Several dozen Wal-Mart workers in Southern California staged a one-day strike on Thursday, according to workers and union officials, a move that culminated in a rally of some 250 workers and supporters in front of a Wal-Mart store.
The strikers, who union officials said came from nine Wal-Mart stores in the Los Angeles area, said they were mainly protesting against the management’s frequent retaliation against employees who spoke up about working conditions.
Several of the workers, who said this was the first-ever strike against Walmart in the US, also said they were protesting low wages and short hours.
Manuela Rosales, 25, who works in the cellphone department of the Pico Rivera store, said she walked out on Thursday, missing her afternoon shift, because “when we speak out, they cut my hours in retaliation and they have me pull pallets, which is very hard work.” She added, “I’m a single mom and I can't afford them cutting my hours.”
Rosales said about 30 of the 100-odd workers from her store’s morning shift walked out on Thursday.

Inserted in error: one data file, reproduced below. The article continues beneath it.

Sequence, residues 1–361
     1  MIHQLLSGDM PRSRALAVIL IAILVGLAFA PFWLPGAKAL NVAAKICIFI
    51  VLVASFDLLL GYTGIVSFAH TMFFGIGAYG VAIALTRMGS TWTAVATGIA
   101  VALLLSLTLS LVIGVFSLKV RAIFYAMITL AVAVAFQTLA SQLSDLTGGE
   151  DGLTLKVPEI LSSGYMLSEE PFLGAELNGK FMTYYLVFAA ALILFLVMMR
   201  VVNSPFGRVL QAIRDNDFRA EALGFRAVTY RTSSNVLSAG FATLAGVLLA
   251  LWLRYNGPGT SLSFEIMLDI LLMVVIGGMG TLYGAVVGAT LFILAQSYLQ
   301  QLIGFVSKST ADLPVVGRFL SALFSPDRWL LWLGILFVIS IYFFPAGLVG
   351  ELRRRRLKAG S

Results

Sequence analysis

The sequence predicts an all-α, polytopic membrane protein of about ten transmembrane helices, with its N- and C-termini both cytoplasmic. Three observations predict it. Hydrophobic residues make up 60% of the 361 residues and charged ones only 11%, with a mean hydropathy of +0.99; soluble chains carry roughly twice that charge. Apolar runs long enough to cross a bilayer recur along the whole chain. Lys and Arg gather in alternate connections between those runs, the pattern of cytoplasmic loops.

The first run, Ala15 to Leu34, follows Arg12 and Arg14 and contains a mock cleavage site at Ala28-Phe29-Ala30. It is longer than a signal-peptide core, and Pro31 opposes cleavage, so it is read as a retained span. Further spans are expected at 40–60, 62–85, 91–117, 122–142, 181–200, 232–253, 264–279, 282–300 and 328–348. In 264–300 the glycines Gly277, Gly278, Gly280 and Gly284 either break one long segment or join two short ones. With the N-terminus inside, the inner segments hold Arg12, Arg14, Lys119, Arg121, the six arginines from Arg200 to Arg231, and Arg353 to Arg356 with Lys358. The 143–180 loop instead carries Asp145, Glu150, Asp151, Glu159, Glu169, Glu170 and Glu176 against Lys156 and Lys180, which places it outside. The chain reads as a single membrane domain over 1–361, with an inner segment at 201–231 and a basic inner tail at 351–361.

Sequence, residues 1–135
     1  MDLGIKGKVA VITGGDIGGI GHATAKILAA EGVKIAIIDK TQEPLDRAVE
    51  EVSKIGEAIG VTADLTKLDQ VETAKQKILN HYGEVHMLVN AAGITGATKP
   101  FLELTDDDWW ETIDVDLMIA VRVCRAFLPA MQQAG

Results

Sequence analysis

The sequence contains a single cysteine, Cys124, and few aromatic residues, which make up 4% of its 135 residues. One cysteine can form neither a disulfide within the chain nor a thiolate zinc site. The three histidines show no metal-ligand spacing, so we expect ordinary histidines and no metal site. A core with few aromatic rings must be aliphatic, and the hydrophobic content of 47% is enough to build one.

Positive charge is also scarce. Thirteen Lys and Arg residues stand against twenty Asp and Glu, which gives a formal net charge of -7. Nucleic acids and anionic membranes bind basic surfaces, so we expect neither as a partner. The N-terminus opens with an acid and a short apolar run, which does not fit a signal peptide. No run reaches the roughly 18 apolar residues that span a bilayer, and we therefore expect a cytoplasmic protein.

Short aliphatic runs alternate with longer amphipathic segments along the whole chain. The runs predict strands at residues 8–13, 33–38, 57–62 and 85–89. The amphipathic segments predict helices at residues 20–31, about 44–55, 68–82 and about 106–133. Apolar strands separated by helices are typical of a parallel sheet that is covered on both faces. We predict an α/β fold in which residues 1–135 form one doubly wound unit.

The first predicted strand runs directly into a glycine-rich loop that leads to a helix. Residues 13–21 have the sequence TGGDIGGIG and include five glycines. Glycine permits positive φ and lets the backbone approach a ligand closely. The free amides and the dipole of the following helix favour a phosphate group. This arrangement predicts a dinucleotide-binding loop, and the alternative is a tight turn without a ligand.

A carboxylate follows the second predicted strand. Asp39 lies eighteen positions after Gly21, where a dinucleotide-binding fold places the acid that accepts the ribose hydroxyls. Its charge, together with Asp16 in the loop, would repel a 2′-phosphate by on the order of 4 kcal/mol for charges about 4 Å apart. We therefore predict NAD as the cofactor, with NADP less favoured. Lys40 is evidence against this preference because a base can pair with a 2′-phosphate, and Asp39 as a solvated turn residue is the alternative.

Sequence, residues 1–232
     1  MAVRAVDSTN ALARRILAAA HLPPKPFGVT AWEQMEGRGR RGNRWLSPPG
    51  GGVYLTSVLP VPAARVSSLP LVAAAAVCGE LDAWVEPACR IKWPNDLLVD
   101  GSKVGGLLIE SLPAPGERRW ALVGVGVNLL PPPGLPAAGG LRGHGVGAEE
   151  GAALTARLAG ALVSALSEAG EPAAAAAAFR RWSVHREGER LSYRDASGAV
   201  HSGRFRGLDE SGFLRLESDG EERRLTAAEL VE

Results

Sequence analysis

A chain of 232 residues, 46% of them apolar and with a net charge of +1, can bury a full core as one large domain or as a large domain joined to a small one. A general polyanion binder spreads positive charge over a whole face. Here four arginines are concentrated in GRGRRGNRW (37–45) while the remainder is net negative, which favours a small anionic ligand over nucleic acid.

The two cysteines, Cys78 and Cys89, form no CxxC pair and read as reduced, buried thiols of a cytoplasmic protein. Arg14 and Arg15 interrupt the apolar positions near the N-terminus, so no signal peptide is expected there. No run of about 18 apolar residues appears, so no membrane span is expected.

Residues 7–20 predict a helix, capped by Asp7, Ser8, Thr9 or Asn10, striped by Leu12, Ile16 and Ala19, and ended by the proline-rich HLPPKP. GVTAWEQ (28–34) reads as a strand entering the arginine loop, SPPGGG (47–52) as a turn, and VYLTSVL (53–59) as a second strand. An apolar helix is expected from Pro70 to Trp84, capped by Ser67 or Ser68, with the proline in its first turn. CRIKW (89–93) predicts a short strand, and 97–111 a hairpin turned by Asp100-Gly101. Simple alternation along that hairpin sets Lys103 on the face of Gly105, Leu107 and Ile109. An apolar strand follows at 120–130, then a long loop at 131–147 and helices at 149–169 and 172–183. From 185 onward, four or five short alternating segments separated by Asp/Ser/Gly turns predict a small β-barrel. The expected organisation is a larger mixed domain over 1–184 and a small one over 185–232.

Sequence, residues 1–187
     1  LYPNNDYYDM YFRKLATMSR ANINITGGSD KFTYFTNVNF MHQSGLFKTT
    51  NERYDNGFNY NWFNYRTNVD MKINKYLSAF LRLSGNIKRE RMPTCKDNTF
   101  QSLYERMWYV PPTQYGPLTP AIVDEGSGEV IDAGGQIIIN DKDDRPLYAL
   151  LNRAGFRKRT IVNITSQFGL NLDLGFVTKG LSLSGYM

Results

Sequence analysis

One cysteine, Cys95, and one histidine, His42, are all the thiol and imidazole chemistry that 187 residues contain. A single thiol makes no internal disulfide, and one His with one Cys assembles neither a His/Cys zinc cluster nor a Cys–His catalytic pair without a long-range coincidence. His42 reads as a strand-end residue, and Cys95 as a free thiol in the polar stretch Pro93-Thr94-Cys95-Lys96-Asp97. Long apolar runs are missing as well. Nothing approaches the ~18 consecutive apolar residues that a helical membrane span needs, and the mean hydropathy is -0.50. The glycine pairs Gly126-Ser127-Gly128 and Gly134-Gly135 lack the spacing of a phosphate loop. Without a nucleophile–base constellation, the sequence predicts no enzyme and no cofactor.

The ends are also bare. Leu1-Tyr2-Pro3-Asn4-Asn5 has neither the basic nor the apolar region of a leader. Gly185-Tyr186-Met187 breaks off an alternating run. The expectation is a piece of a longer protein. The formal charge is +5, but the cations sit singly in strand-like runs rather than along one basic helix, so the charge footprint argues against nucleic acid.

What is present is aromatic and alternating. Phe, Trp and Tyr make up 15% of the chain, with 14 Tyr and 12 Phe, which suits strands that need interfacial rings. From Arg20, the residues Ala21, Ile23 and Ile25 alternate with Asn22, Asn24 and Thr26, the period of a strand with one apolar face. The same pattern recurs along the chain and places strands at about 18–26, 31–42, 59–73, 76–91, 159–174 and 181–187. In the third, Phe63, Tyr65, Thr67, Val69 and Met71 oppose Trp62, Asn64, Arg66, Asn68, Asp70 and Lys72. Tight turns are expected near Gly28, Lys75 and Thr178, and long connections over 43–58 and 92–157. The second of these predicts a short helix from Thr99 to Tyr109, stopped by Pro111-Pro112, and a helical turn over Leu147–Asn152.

Wal-Mart, the nation's largest retailer, which has recently announced plans to open stores in India after the government liberalised foreign direct investment in multi-brand retail, sought to play down the job action.
“You can count on less than one hand the number of associates that we are aware of who left their post to participate in the rally,” said Dan Fogleman, the Wal-Mart spokesman, describing Thursday’s action as a rally and not a strike. “That’s very few when you consider the more than 12,000 people that we employ in LA County.”
The workers, who are not unionised, maintained that they were striking against unfair labour practices, specifically illegal retaliation, a claim that could protect them from being punished for walking out.
Fogleman claimed the rally was just the union’s ‘latest publicity stunt’, and denied this was the first strike against Wal-Mart in the US, pointing to a 2006 protest by 100 workers at a Florida store. New York Times